Napa Valley day trips: Linda Falls Preserve offers scenic waterfall hike

Linda Falls Preserve in Angwin is within the Conn Creek Watershed.|

A summertime hike with a waterfall as its payoff makes for an exhilarating day trip when temperatures rise. And there happens to be at least one in Napa County.

Linda Falls Preserve, in Angwin, is a hidden gem within the Conn Creek Watershed. Its 177 acres are part of the historic La Jota Land Grant and were likely first logged in the mid-1800s, according to Land Trust of Napa Valley, a land conservation nonprofit.

The property was used as a weekend retreat by former owners before it was donated to the trust in the 2000s.

The preserve, ranging from elevations of 810 to 1,580 feet, boasts a waterfall where the Conn Creek rushes over volcanic boulders.

Its entrance is somewhat discreet, located off Howell Mountain Road near Pacific Union College. Street parking is recommended. Parkgoers can head south on Howell before taking a slight left down a paved fire road. This will lead to the preserve’s entrance, which has two trailheads: Linda Falls and Saw Mill.

Hikers heading to the right will take a somewhat rugged, steep path and should proceed with caution. The trail is dry and dusty on a hot afternoon but may be slick with mud after a rainy day.

Those visiting the preserve should be prepared with good hiking shoes and lots of water. Restrooms and water are not available.

The Linda Falls Trail is a partially narrow, downhill path that involves climbing over boulders, as well as dodging poison oak. It may not be recommended for small children or those who’d rather avoid large and unsteady rocks.

Hikers can expect to see bountiful flora and fauna this time of year — listen for singing birds and buzzing cicadas. Wildlife in the area includes black bears, gray foxes, bobcats, squirrels and mule deer.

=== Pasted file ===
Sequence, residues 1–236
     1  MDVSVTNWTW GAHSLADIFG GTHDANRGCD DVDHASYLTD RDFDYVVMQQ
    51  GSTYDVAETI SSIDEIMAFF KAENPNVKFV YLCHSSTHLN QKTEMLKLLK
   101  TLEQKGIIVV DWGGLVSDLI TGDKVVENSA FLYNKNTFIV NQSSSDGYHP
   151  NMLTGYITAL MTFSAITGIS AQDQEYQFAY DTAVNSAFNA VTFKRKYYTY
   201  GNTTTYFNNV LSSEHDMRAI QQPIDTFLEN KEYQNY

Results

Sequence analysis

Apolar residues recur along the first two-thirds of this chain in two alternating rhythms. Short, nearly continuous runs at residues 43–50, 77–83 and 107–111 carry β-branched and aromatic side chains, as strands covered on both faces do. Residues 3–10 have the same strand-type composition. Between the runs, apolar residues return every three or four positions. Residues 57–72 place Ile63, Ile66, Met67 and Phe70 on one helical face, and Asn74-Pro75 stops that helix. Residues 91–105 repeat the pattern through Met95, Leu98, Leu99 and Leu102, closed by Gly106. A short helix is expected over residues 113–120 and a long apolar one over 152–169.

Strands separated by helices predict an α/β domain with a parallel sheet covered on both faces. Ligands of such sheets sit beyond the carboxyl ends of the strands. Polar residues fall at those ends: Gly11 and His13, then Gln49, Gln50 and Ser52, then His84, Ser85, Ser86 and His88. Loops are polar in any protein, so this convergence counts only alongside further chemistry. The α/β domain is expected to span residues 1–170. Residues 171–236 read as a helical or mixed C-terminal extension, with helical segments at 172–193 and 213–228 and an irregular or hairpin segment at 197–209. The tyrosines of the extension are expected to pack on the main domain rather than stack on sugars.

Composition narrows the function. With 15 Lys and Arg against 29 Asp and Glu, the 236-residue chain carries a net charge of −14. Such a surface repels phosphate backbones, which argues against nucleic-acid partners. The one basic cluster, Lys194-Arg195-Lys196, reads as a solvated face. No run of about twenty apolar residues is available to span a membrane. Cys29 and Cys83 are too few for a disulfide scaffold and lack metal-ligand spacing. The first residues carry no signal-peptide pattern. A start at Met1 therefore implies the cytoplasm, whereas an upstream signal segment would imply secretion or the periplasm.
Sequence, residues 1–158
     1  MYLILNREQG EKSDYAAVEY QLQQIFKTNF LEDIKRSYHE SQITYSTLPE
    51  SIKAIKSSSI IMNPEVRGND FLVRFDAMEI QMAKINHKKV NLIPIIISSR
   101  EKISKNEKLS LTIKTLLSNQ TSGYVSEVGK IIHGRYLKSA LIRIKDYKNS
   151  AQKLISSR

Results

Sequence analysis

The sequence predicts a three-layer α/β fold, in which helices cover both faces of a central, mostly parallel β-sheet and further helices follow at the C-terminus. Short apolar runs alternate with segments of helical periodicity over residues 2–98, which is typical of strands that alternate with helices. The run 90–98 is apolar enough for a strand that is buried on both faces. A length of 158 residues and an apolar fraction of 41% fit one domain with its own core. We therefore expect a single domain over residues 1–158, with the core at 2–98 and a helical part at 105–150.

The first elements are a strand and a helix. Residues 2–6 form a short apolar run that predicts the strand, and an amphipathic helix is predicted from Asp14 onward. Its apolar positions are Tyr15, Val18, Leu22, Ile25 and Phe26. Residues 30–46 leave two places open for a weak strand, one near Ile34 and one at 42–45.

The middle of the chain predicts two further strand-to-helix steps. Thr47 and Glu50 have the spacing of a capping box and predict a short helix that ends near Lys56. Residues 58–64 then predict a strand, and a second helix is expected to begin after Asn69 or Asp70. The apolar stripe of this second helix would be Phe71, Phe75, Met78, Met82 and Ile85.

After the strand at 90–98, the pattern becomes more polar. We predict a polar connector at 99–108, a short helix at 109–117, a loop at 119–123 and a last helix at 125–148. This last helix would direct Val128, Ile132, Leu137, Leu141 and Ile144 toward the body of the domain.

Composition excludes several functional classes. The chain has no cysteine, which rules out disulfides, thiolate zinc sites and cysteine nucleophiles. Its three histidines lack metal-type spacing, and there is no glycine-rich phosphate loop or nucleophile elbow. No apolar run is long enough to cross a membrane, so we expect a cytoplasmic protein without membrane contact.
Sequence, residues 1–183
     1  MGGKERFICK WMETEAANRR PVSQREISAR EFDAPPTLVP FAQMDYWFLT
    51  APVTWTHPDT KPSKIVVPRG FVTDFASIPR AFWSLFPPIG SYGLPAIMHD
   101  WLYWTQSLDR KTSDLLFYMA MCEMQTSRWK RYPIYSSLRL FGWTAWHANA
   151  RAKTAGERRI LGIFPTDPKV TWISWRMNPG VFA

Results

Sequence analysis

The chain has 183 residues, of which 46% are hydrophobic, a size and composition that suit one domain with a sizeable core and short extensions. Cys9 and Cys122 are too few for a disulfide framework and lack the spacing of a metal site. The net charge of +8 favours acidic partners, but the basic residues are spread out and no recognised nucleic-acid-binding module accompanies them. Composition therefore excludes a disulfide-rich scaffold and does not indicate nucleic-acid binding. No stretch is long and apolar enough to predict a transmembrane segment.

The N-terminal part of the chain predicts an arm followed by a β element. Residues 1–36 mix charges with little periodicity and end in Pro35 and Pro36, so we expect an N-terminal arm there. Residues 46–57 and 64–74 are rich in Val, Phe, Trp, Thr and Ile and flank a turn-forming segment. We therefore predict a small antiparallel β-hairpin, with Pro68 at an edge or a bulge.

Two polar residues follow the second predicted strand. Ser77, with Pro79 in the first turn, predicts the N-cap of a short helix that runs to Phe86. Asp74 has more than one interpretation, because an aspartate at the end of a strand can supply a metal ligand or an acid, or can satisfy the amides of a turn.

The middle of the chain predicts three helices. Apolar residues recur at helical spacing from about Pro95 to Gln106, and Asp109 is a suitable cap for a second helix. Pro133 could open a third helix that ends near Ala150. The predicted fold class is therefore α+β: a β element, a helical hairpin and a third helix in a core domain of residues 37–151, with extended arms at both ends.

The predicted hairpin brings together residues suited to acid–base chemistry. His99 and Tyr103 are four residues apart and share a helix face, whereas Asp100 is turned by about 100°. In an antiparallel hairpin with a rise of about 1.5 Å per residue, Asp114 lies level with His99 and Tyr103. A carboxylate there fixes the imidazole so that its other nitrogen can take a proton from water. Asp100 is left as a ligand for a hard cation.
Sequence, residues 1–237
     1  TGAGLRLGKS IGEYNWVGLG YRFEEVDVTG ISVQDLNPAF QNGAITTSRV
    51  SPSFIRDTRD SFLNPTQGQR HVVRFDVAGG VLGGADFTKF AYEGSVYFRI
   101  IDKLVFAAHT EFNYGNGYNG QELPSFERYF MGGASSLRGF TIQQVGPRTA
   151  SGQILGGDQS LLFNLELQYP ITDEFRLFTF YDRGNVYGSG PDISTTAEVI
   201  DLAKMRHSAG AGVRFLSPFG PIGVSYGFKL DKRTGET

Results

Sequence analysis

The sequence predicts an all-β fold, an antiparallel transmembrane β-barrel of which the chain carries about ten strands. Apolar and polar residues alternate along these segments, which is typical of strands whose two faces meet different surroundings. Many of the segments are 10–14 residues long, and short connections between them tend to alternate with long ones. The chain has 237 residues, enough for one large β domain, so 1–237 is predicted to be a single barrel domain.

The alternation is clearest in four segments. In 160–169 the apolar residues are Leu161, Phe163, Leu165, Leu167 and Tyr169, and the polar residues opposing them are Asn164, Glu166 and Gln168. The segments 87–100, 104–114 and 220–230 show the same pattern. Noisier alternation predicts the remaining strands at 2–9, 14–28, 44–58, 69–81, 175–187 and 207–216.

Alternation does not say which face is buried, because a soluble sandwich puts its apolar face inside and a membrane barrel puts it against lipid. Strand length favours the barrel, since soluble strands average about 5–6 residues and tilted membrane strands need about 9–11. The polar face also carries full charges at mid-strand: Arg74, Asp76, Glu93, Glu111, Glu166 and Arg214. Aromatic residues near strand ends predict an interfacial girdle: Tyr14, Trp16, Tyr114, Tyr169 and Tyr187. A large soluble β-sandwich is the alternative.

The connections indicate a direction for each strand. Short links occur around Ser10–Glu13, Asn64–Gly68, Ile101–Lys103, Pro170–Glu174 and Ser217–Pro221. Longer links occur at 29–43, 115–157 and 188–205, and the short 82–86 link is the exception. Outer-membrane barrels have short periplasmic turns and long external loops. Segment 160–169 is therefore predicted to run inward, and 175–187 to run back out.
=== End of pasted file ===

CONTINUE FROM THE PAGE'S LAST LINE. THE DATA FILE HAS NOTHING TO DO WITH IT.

Various birds also have been documented there, such as the Cassin’s vireo and Wilson’s warbler, as well as a range of reptile and amphibian species, including the Pacific giant salamander.

Douglas firs, manzanitas, California bays, madrones, canyon live oaks, black oaks and white alders dot the preserve in a canopy along parts of the Linda Falls Trail.

Those planning to hike the Saw Mill Trail should be prepared for an out-and-back hike that involves crossing a creek. Water shoes are recommended. Hikers should be somewhat familiar with creek and rock hopping and may need to cross felled trees.

The trail reportedly gets its name because of an old saw mill fabled to be somewhere on the land, according to Kimberly Howard, development manager with the land trust.

Howard urges hikers to come prepared when visiting the preserve; some parts of the trails are shaded, but sunblock and water are must-haves. But keep the dogs at home, as they’re not allowed on the trails.

While people are out along the trail, Howard also advises they follow the traditional “leave no trace” policy.

“We have had an influx of visitors but also an influx of people leaving garbage,” Howard said. “Visitors need to be respectful of the protected land and pack out what they bring in.”

It’s also critical to keep Conn Creek healthy and clean, she said, as it provides water to the city of St. Helena.

The land trust offers guided hikes, which are great opportunities to learn about protected ecosystems. The preserve is closed when red flag advisories are issued or when extreme fire behavior is apparent.

Learn more about the land trust by visiting

Emma Molloy is an intern for The Press Democrat. She can be reached at

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